Monday, April 03, 2006

Trouble brewing on the European horizon

Vasko Kohlmayer at American Thinker says:

The way things are taking shape in Europe could soon result in a situation which would leave the US with no major supporter. We have repeatedly warned about the likely shift in Britain's foreign policy once Tony Blair steps down and is replaced by his heir apparent and a well-known leftist Gordon Brown, who is currently his Chancellor of Exchequer.

Next month there will be an important general election in Italy which will pit the current Prime Minister and America's close ally Silvio Berlusconi against leftwing Romano Prodi, the former President of the European Commission. Prodi is ahead in the polls and his victory would appreciably weaken America's support in Europe which is already tenuous at best. The stakes are well summed up in a piece in this week's British weekly The Business:

With Blair and Berlusconi gone, President Bush's administration would lose its two main friends in Europe. While hardly anti-American, their successors in Italy and the UK […] would be compelled by their supporters to take a much less accommodating view towards the floundering US President, at least in the short term. Within the EU the effect will also be considerable, coming after the victory of Spain's Jose Luis Zapatero over President Bush's other main European ally, Jose Maria Aznar.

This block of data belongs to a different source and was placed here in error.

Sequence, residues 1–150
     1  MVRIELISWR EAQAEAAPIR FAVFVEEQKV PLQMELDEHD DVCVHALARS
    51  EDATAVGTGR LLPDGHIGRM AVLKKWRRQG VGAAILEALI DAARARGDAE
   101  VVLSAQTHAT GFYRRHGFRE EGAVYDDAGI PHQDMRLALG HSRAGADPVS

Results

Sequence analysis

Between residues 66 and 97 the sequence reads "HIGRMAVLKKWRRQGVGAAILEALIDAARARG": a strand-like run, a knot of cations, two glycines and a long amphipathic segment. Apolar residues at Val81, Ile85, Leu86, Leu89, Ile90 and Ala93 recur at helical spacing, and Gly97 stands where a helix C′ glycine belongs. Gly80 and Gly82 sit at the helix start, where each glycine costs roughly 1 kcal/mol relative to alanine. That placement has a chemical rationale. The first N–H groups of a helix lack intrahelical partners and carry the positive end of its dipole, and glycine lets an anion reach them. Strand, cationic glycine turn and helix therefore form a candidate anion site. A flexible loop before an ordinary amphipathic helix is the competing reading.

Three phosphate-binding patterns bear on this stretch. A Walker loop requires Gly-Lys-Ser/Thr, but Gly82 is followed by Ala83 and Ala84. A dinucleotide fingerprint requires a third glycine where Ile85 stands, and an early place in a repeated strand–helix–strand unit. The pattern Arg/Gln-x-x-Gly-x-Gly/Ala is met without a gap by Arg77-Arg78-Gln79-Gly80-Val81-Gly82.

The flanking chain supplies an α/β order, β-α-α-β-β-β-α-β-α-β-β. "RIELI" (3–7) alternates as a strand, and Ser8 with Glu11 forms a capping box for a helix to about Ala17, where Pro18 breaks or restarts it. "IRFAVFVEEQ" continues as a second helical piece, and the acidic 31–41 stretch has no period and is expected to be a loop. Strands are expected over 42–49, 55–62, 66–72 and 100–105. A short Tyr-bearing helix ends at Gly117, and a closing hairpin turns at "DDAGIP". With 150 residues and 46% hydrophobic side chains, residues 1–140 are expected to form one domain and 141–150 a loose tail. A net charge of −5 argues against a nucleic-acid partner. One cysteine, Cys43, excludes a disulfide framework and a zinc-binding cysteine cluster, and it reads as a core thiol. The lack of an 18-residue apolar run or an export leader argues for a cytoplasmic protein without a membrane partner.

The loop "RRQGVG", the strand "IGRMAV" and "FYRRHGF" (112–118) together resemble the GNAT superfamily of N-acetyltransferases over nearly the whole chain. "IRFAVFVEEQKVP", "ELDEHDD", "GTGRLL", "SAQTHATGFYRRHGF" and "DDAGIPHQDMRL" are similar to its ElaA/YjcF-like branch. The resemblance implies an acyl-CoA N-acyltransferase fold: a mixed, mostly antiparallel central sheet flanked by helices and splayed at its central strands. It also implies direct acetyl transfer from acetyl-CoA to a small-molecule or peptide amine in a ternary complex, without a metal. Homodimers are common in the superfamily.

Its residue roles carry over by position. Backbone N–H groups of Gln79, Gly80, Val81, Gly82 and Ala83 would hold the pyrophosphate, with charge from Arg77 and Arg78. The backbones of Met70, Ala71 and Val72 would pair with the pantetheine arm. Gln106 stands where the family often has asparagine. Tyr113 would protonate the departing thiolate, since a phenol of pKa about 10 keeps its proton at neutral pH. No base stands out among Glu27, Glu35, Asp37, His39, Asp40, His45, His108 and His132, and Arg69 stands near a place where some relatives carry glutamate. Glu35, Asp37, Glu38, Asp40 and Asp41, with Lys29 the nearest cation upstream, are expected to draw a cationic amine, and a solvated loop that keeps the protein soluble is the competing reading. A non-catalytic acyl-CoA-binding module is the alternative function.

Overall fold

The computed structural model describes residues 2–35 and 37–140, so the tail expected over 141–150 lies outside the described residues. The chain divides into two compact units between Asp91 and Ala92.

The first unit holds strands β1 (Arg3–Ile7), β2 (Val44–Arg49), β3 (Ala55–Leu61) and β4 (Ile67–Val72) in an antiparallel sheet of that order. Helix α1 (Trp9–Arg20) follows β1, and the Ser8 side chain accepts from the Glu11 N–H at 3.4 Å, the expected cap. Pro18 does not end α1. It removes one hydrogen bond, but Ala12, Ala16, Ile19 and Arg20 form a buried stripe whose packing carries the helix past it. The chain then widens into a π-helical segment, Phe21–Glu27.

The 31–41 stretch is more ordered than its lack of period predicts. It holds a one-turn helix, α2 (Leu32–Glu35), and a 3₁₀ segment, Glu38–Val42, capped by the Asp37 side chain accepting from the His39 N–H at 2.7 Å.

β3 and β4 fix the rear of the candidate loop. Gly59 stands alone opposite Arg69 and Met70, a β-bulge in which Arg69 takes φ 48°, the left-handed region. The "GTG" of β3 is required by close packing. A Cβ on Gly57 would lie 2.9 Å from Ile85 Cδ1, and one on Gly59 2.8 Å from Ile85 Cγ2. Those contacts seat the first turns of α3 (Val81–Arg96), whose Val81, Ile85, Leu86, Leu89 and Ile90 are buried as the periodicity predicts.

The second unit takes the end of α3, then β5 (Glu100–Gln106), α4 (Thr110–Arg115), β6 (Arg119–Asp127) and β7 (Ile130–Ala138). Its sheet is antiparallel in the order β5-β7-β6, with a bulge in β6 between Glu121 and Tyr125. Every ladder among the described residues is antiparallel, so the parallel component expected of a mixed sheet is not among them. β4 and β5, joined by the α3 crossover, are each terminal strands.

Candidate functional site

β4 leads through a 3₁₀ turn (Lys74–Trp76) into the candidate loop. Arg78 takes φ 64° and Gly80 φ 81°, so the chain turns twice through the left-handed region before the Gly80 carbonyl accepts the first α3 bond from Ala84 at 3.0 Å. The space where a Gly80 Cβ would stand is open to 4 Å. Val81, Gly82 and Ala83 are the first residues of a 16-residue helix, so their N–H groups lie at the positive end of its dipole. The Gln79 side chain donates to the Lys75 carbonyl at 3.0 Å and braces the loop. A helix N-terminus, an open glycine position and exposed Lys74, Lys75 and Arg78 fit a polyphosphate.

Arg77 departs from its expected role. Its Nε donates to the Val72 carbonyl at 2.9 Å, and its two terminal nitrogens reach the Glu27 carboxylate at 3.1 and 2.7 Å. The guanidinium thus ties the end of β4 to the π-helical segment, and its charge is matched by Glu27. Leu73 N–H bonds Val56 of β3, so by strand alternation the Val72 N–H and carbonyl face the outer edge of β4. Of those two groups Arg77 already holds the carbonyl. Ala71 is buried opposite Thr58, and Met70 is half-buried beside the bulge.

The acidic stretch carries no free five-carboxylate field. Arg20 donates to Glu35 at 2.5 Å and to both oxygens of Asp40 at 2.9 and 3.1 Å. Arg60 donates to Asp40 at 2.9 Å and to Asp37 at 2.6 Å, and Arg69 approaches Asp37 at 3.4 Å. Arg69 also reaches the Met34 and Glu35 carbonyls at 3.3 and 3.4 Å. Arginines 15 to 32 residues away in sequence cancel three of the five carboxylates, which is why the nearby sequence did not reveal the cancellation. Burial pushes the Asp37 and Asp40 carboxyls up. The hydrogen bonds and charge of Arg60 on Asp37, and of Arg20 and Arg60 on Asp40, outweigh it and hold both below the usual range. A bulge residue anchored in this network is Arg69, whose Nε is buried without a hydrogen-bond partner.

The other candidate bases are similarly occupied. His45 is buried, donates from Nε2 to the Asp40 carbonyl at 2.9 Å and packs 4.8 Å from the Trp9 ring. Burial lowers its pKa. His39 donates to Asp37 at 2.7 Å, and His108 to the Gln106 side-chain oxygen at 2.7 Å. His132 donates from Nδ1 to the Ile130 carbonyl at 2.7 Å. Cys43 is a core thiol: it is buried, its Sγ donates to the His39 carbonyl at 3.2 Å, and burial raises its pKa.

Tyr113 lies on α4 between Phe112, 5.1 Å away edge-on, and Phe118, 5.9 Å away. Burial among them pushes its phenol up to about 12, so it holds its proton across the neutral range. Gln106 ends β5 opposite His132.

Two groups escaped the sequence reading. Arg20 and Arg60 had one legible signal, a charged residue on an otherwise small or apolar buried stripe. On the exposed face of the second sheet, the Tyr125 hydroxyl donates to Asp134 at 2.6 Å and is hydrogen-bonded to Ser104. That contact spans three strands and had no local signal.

In the relatively near future, then, we could have a situation where the governments of nearly all of Europe's major powers – Great Britain, Italy, Spain, and France – are in the hands of leftwing politicians intrinsically unfriendly to the United States (I include Chirac among the left-wingers because that's what he really is).

This would leave only Angela Merkel, the moderately right-of-center German Chancellor as America's natural ally among the principal European players. Merkel's position, however, is weak, leading as she is a fragile coalition with social democrats who hold eight seats in her sixteen-seat cabinet. To keep her government together, Merkel cannot offer her wholehearted support even if she wanted to. To show her independence, she has already crossed swords with President Bush on issues such as Guantánamo and protectionism.

There is potential trouble brewing for the United States on the European horizon. We will keep a sharp eye on these events as they unfold.


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